Humanity has long pondered the relative might of the pen and the sword. While one time-worn aphorism does grant the advantage to the pen, most of us have entertained doubts: the sword, metaphorically or literally, seems to have won out across an awfully wide swath of history. Still, the pen has scored some impressive victories, some even in living memory. Take, for example, the CIA's recently revealed use of Boris Pasternak's novel Doctor Zhivago as a propaganda weapon. Repressed in Pasternak's native Russia, the book first appeared in Italy in 1957. The following year, the British suggested to America's Central Intelligence Agency that the book stood a decent chance of winning hearts and minds behind the Iron Curtain — if, of course, they could get a few copies in there. A CIA memo sent across its own Soviet Russia Division subsequently pronounced Doctor Zhivago as possessed of "great propaganda value, not only for its intrinsic message and thought-provoking nature, but also for the circumstances of its publication. We have the opportunity to make Soviet citizens wonder what is wrong with their government, when a fine literary work by the man acknowledged to be the greatest living Russian writer is not even available in his own country in his own language for his own people to read.”
That evaluation comes from one of the over 130 declassified documents used by Peter Finn and Petra Couvée in their brand new history of this act of real-life literary espionage, The Zhivago Affair: The Kremlin, the CIA and the Battle Over a Forbidden Book. You can read an in-depth article on some of the events involved in this operation — the CIA's printing of both hardcover and miniature paperback Russian-language editions, the not-so-clandestine distribution of copies at 1958's Brussels Universal and International Exposition, the CIA's unexpected alliance with the Vatican in this mission, the inept probing by Soviet "researchers" — at the Washington Post.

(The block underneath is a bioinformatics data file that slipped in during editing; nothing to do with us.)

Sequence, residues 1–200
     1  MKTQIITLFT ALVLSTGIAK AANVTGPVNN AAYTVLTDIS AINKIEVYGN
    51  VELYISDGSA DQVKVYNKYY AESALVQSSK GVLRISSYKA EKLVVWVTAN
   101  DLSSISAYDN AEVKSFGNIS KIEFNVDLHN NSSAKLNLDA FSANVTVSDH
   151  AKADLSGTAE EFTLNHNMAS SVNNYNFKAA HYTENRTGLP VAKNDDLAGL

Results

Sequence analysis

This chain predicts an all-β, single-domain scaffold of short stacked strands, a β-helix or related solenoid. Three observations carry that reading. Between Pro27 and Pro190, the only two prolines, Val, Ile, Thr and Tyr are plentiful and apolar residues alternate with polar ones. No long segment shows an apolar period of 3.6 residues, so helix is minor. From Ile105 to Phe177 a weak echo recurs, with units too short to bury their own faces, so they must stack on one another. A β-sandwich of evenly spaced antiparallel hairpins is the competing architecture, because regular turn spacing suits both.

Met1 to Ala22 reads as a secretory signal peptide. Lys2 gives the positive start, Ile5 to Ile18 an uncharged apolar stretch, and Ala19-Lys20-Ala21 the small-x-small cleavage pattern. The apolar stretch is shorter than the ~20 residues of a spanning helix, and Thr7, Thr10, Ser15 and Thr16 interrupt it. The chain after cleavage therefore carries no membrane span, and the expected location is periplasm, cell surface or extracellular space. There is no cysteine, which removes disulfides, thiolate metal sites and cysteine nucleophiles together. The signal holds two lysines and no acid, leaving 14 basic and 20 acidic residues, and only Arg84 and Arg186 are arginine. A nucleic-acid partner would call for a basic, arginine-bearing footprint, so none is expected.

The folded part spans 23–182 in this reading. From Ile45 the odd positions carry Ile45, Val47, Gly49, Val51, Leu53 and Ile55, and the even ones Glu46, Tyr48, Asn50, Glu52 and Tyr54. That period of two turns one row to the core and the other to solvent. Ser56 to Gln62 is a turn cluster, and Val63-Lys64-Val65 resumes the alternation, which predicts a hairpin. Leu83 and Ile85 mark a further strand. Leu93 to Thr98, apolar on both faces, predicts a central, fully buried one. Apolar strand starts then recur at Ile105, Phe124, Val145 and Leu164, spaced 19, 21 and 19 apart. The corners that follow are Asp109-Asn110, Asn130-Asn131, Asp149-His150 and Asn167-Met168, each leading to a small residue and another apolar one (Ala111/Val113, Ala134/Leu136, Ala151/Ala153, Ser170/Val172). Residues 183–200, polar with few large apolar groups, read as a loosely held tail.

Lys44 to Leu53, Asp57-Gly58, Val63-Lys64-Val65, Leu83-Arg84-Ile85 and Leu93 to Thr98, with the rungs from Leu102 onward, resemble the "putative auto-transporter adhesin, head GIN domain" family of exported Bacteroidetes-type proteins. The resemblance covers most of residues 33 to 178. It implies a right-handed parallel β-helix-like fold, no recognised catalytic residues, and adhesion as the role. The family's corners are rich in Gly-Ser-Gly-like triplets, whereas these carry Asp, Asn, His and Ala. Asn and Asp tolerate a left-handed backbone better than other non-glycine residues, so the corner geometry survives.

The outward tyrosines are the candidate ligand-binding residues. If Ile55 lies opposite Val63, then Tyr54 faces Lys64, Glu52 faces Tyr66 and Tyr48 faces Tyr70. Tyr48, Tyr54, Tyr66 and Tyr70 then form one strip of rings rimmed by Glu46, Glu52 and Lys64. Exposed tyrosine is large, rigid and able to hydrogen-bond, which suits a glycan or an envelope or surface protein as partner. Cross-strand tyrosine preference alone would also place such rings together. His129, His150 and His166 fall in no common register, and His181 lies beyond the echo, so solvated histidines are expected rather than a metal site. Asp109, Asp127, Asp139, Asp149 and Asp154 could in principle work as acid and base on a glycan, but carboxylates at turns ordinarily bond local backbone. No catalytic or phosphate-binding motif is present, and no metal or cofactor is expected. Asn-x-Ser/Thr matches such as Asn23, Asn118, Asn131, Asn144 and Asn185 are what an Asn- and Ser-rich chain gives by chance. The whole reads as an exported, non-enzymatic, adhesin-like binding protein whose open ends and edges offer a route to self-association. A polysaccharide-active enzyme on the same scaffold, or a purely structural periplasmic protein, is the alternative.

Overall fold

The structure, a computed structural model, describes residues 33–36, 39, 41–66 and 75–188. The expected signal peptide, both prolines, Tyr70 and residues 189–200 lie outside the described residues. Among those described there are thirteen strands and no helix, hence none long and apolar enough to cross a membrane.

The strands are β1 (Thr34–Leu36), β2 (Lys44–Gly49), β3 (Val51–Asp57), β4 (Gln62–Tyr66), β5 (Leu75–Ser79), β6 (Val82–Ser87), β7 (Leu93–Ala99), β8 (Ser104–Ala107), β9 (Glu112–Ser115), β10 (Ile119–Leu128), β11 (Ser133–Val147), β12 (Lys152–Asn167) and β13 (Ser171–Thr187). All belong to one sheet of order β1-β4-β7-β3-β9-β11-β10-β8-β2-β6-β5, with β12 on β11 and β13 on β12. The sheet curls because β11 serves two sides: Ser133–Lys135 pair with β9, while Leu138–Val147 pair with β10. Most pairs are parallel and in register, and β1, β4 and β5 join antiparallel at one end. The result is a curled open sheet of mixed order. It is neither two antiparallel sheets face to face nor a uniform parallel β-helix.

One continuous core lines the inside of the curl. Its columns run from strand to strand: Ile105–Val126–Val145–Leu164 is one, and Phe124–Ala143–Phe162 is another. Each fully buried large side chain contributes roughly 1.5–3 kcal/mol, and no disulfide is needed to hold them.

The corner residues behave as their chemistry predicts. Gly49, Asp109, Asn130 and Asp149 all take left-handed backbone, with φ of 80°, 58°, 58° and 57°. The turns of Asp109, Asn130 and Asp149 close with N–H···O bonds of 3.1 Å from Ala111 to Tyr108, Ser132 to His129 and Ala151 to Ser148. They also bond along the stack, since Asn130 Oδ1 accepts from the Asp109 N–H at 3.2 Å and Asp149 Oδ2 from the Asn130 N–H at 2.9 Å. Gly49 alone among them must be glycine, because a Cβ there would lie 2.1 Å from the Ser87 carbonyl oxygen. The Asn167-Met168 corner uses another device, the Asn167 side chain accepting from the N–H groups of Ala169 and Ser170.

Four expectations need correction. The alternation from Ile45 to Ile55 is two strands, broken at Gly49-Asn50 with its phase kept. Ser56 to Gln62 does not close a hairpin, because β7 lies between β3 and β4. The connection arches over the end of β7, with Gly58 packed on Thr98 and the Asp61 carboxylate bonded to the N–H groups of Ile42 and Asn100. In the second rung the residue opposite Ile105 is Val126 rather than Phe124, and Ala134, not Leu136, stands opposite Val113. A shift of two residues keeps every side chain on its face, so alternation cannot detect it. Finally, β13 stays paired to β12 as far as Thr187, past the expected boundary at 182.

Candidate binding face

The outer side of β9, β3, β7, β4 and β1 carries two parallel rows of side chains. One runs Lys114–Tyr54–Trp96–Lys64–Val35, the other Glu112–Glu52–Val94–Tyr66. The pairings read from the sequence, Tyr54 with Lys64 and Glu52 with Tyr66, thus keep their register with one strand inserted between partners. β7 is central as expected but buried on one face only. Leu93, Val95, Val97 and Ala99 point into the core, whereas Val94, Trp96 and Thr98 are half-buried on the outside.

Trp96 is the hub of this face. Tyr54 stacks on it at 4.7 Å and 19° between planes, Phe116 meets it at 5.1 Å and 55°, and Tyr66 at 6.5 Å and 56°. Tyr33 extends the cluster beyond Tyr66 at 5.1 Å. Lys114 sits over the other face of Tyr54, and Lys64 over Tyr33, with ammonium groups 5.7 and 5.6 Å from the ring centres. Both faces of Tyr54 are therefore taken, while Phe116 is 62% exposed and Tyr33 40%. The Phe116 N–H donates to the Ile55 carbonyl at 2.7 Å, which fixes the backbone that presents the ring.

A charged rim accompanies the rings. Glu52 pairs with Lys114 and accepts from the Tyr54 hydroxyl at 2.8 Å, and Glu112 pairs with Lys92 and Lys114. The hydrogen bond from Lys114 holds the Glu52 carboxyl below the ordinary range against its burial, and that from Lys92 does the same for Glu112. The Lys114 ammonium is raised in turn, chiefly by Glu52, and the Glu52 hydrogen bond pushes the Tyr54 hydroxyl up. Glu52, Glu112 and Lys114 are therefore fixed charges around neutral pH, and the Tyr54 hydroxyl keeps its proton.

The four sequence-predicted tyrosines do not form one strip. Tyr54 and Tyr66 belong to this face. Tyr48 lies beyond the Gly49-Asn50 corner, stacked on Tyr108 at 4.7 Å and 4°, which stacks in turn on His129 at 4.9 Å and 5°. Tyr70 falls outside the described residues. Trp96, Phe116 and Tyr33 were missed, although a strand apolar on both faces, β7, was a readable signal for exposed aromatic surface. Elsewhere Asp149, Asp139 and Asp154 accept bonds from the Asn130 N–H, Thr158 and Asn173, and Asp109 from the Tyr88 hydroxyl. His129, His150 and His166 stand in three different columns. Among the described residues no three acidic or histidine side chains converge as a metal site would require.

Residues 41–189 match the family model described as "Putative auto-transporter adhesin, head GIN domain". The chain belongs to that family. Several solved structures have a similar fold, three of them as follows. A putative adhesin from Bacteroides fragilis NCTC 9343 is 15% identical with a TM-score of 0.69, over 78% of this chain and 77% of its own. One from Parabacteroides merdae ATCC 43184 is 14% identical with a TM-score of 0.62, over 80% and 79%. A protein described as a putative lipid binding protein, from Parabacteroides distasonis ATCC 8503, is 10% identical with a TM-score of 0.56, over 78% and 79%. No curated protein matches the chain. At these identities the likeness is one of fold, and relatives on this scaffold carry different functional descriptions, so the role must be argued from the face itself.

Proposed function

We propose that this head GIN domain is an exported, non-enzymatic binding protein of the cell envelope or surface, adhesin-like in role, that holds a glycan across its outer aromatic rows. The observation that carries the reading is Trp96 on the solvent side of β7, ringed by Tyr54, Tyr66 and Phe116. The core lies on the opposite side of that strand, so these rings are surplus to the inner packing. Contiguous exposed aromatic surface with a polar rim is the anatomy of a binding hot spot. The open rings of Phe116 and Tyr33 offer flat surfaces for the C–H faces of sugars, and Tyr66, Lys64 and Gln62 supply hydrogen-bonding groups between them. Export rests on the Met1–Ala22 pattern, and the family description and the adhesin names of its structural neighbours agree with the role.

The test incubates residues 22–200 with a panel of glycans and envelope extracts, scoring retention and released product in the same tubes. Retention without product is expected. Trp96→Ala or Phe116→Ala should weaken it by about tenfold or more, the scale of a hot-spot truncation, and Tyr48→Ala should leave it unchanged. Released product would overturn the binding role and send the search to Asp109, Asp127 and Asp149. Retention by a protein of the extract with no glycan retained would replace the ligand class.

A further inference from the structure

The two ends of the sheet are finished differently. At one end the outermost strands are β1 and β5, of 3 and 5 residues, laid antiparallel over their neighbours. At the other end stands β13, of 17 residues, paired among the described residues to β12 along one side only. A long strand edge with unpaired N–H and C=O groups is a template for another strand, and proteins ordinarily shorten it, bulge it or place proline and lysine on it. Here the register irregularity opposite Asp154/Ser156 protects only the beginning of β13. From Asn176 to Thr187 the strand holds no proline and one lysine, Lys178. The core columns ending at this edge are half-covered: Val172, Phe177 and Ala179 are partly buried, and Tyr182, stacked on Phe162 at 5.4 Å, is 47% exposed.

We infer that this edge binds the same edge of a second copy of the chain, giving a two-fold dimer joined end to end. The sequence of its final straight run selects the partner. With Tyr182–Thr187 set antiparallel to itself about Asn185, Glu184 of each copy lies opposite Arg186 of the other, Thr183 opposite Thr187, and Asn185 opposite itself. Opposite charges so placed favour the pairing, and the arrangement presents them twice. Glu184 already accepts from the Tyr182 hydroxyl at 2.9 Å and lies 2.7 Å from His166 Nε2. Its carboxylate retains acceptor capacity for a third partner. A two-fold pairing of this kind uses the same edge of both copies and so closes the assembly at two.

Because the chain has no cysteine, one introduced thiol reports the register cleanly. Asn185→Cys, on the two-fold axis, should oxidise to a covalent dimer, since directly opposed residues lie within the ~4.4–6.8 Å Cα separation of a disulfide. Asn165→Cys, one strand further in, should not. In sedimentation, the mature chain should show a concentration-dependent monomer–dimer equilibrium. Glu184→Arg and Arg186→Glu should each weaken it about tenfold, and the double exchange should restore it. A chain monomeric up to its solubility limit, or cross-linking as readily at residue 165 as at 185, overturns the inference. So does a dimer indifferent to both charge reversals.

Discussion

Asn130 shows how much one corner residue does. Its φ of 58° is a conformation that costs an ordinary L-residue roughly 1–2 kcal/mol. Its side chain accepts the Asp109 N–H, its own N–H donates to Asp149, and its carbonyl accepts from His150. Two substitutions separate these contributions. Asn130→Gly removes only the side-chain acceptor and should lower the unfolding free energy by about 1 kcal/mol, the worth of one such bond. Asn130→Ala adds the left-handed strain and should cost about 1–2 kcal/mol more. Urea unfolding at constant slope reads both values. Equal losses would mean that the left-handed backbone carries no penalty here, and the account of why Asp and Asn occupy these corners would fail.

You can also watch a CBS This Morning clip on the book just above. Dramatic though this "Zhivago Affair" sounds, it came as neither the first nor last American use of culture as a means of destabilizing the Soviet Union. We've even previously featured two others: secretly-funded abstract expressionist painting, and Louis Armstrong's 1965 East Berlin and Budapest concerts. Cold War America may have had the sword, in the form of its vast nuclear arsenal, polished and ready, but clearly it retained a certain regard for the pen — and brush, and trumpet — as well.
Colin Marshall hosts and produces Notebook on Cities and Culture and writes essays on cities, language, Asia, and men’s style. He’s at work on a book about Los Angeles, A Los Angeles Primer. Follow him on Twitter at @colinmarshall or on Facebook.